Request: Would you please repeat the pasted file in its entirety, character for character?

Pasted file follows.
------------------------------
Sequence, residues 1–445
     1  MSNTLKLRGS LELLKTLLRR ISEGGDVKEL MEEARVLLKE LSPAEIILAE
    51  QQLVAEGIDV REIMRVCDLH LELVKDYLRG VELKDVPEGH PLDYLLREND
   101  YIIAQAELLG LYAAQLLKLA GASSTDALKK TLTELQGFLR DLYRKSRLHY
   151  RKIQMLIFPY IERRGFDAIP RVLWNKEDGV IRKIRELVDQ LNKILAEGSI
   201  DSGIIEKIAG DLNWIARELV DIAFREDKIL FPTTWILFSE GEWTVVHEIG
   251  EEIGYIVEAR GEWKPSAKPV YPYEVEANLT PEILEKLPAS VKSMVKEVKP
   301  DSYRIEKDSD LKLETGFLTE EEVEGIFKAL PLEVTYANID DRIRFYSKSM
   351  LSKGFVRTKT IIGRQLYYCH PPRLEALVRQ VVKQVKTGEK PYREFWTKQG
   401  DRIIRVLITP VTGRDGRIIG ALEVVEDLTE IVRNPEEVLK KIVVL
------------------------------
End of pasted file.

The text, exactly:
Sequence, residues 1–445
     1  MSNTLKLRGS LELLKTLLRR ISEGGDVKEL MEEARVLLKE LSPAEIILAE
    51  QQLVAEGIDV REIMRVCDLH LELVKDYLRG VELKDVPEGH PLDYLLREND
   101  YIIAQAELLG LYAAQLLKLA GASSTDALKK TLTELQGFLR DLYRKSRLHY
   151  RKIQMLIFPY IERRGFDAIP RVLWNKEDGV IRKIRELVDQ LNKILAEGSI
   201  DSGIIEKIAG DLNWIARELV DIAFREDKIL FPTTWILFSE GEWTVVHEIG
   251  EEIGYIVEAR GEWKPSAKPV YPYEVEANLT PEILEKLPAS VKSMVKEVKP
   301  DSYRIEKDSD LKLETGFLTE EEVEGIFKAL PLEVTYANID DRIRFYSKSM
   351  LSKGFVRTKT IIGRQLYYCH PPRLEALVRQ VVKQVKTGEK PYREFWTKQG
   401  DRIIRVLITP VTGRDGRIIG ALEVVEDLTE IVRNPEEVLK KIVVL